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Easy & Frugal Garden Hacks

You’re already being frugal by growing your own vegetables and herbs at home. But how can you save even more as an amateur gardener? Use these simple garden hacks to save money when creating your own harvest at home.

Get Free Mulch

Did you know that many cities and towns turn their clippings into free mulch for local residents? They typically use any pieces of branches, bushes and trees that have been trimmed in accordance with local laws (like those that are obstructing road signs or growing too close to power lines). The mulch they create from those trimmings is then offered for free to locals. Find out if your city or town participates to make sure you don’t miss the pickup dates for free mulch!

Use Your Kitchen Scraps

Some of the scraps that come from your very own kitchen can actually be used in your garden. So instead of wasting money on seeds, seedlings or plants, try these first. Here are some of the things you can grow from kitchen scraps:

  • Celery: Cut off the bottom of a bunch of celery. Place it in shallow water in a sunny windowsill. Once a few leaves sprout, replant it in soil.
  • Lettuce: Plant the base of a head of lettuce in soil and place in a sunny spot.
  • Garlic: Take the cloves from garlic that has just started to sprout and plant them in soil. Place on a sunny windowsill.
  • Herbs: Choose soft-stemmed herbs (like basil) and place them in shallow water on a sunny windowsill. Once roots have sprouted several inches, replant in soil.

Deter Bugs on the Cheap

Sprays to keep bugs away are expensive. Plus, they could potentially get harmful chemicals too close to your garden growth. But if you do nothing in the name of keeping your harvest organic, you could lose a lot of valuable veggies that you spent weeks nurturing. Fortunately, there are a couple of ways to keep bugs at bay without having to use harsh sprays.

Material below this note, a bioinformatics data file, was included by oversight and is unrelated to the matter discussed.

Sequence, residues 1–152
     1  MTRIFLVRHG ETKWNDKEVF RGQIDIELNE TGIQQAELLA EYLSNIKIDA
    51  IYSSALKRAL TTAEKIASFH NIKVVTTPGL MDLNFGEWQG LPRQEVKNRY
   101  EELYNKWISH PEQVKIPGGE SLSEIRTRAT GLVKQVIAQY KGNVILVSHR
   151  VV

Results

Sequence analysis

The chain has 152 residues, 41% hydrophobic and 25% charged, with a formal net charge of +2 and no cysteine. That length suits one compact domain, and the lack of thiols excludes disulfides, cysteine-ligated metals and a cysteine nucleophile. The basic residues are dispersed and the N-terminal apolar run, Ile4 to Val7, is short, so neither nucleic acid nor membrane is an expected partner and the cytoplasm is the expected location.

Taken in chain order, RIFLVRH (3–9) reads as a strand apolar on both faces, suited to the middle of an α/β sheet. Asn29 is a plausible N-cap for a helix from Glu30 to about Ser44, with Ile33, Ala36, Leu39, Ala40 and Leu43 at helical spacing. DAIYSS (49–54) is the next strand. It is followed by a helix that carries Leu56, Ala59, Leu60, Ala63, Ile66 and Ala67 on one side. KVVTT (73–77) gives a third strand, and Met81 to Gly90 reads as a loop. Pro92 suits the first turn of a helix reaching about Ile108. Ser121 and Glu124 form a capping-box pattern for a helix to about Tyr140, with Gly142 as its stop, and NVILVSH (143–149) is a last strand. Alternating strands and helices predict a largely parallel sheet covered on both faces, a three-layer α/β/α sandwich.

The first option is oil, which is great for getting earwigs (also known as pincher bugs) before they get to your food. Here’s how to set the trap:

  1. Find an old plastic container (like one for margarine, sour cream, yogurt, etc.).
  2. Cut hole about 1 inch from the top of the container.
  3. Continue cutting holes until you have 4-5 around the container, all about an inch below the top.
  4. Place 3 parts cooking oil to 1 part soy sauce in the container.
  5. Dig a spot in the garden that the container can sit inside. The holes in the container should be at ground level.
  6. Replenish with a new oil and soy sauce mixture once a number of bugs have been caught in the trap.

If ants are a problem in your garden, you can also try this simple spray to keep them away:

  1. Combine 1 tsp of cayenne pepper with 1 cup of hot water.
  2. Stir for a few minutes to dissolve most of the cayenne pepper.
  3. Pour the mixture into a spray bottle.
  4. Add 1 tsp of liquid dish soap and swish to combine (avoid shaking as this will create bubbles).
  5. Spray the mixture directly onto the leaves of affected plants every few days.

Use Succession Gardening

If your vegetables all hit their peaks at the same time, you’ll have a harvest that’s much to large to consume at once. To make sure you have a steady supply of fresh veggies, use succession planting for your fast-growing crops, like beets and radishes. To do this, just plant a couple of rows every two weeks. They’ll continue to pop up over the course of the season so you get a steady, manageable supply rather than a huge influx all at once. This leads to less waste from your efforts!

Take Advantage of Vertical Space

If you’re short on space or just want to save more on your grocery bills with home-grown food, use vertical space to grow more plants. These are great spots to plant herbs and sprouts. You can even use the items you have at home to make your wall planters. Cut the bottom of an empty milk jug handle so it can hang over a bar, fill it up and use it as a planter. For a larger display, cover the back and sides of an old wood pallet with gardening fabric and fill the empty space with soil. Lay it flat while the seeds take root, then you can hang it up on a wall.

Collect Rainwater

Tap water is fine for most plants, but rainwater is rich with nutrients that will benefit your plants and help them grow. Use barrels to collect rainwater to nourish your plants. As an added bonus, you’ll save on your water bills.

Gardening is a fun way to get in touch with nature. And with these tips, it’s also an affordable way to feed your family.

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